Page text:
Clunkers Program Drives into the Sunset
The U.S. government's "cash for clunkers" program, which pays Americans $3,000 to $4,500 to trade in their older model vehicles for fuel efficient new ones, may have been popular, but it was not without its share of problems. Because demand far exceeded the government's expectations, Congress had to increase funding to $3 billion from $1 billion. And the program, which was originally expected to last through Labor Day, ends today with just $320 million worth of vouchers remaining to distribute. Now, many auto dealers say they need more time to submit the paperwork required to be paid for the vouchers they distributed, and many have yet to be paid even though their paperwork is complete.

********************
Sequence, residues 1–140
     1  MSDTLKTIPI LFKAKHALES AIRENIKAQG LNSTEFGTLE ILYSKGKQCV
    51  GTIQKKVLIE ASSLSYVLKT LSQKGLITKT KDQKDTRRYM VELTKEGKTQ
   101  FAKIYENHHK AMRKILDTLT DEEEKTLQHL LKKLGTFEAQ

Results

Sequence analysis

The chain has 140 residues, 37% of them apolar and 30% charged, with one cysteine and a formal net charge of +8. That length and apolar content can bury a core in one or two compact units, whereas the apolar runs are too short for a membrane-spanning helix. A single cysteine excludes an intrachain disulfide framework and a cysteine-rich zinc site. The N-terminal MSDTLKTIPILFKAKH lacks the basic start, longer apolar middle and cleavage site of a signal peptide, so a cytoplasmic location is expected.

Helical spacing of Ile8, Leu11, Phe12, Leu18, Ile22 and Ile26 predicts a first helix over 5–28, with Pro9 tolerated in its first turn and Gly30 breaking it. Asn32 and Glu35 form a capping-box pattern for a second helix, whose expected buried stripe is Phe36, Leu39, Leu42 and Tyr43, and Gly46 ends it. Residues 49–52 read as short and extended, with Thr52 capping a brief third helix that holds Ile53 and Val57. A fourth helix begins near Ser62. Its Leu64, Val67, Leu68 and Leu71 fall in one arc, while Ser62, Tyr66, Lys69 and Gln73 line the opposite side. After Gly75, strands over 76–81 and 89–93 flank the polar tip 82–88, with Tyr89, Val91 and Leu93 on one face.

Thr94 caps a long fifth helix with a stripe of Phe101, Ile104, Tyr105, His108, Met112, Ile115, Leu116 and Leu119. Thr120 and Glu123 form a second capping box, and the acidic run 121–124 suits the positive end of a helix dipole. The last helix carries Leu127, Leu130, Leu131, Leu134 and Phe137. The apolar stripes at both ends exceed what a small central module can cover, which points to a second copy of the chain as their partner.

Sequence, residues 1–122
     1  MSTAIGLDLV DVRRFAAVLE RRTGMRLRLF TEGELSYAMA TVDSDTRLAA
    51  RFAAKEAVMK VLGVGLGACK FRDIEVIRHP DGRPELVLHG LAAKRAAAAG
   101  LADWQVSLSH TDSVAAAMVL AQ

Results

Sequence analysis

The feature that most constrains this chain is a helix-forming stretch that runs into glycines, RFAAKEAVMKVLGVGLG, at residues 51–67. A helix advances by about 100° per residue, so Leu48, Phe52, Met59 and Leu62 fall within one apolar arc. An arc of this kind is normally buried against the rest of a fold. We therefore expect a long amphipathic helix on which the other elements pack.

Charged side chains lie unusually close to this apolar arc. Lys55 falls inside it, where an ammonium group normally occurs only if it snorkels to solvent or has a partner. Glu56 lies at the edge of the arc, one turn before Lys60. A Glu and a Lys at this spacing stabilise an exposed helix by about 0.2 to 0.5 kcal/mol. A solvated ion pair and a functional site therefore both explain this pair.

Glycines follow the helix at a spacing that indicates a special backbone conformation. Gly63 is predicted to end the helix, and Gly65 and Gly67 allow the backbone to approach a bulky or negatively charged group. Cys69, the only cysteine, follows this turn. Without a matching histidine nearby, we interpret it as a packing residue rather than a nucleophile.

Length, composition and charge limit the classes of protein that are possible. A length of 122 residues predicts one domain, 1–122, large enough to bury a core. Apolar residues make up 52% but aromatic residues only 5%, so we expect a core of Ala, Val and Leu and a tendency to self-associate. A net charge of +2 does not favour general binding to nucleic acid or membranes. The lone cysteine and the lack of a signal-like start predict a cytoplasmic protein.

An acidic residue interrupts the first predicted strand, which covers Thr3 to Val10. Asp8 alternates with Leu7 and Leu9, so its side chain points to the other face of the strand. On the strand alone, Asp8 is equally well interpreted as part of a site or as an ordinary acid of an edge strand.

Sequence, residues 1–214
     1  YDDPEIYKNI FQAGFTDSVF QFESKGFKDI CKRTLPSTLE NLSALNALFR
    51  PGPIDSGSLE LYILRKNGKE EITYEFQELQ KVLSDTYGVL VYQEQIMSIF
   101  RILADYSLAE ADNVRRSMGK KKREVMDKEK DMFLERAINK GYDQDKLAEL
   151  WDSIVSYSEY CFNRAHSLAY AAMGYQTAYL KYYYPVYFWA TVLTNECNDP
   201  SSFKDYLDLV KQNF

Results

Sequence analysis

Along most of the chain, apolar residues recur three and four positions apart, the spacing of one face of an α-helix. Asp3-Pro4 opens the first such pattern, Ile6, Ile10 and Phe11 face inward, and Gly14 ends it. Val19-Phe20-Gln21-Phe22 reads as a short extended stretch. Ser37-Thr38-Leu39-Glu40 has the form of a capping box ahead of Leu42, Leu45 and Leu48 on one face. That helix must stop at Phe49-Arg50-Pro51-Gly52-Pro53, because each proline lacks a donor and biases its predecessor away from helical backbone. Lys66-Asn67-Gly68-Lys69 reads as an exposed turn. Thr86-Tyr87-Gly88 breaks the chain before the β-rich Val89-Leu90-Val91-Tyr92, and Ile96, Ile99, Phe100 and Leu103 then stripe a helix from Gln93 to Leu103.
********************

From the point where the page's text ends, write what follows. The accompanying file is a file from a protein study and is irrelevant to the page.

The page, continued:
"We expect a nationwide rush at the end of Monday that will clog the government computers," Scott Lambert, executive vice president of the Minnesota Auto Dealers Association, told the Minneapolis Star-Tribune. "If that means dealers can't get their deals submitted on Monday night, we'll go back to our congressional delegation and ask for some leeway on the federal deadline." Most of Minnesota's dealers are still waiting to be reimbursed, Lambert also told the paper. Of the 12,000-plus sales so far, subsidies for 82% of them — worth about $50 million — still are pending, he said.
The Wall Street Journal reports that many dealers are moving early to halt sales to give themselves time to process paperwork. They worry that if a last-minute rush to enter applications jams the system, they will be on the hook for rebates already given to customers.
For more from Knowledge@Wharton about the program and the state of the auto industry, see: Can 'Cash for Clunkers' Help Jump-start the Auto Industry?